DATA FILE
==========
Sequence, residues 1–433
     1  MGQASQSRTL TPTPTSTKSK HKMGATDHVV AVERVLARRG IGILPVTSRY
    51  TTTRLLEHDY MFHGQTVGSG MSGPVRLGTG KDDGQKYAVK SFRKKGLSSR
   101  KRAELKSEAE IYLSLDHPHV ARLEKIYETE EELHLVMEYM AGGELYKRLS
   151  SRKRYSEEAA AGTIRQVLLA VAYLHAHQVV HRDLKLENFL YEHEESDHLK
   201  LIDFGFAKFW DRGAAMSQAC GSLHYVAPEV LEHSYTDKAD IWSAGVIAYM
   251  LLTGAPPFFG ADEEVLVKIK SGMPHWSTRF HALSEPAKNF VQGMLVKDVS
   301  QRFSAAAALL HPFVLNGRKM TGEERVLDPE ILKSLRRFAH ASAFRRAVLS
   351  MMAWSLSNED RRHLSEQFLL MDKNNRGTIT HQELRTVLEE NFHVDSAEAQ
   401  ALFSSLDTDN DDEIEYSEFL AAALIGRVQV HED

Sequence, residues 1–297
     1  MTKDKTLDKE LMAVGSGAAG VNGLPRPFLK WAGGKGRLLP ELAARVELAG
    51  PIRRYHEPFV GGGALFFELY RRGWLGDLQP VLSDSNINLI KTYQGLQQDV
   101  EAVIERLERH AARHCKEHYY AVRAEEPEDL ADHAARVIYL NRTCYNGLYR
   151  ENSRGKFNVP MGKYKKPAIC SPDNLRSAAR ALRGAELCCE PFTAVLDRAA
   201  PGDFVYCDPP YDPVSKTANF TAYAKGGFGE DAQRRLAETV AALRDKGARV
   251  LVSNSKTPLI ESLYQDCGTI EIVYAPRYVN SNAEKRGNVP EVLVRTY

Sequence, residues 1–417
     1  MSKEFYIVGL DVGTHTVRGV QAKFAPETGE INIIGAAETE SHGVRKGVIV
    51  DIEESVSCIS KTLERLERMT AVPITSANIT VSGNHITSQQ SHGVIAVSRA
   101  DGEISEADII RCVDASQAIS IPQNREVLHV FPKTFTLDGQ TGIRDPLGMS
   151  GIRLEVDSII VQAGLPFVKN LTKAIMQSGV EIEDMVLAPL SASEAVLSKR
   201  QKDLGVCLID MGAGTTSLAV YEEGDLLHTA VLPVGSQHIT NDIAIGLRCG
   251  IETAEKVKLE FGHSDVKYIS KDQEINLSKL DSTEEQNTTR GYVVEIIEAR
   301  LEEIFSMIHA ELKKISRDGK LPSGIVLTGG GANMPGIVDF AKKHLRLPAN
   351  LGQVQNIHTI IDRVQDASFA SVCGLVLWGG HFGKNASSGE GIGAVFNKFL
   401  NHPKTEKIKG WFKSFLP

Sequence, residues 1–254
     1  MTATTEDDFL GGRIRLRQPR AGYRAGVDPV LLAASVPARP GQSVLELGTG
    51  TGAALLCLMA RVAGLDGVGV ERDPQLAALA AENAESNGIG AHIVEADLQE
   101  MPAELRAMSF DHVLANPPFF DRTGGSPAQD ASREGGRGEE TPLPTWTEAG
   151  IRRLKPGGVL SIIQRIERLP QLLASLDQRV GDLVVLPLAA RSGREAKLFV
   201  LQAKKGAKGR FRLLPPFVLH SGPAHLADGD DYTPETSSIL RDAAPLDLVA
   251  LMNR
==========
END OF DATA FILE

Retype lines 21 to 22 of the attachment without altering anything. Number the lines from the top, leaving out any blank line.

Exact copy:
   101  DGEISEADII RCVDASQAIS IPQNREVLHV FPKTFTLDGQ TGIRDPLGMS
   151  GIRLEVDSII VQAGLPFVKN LTKAIMQSGV EIEDMVLAPL SASEAVLSKR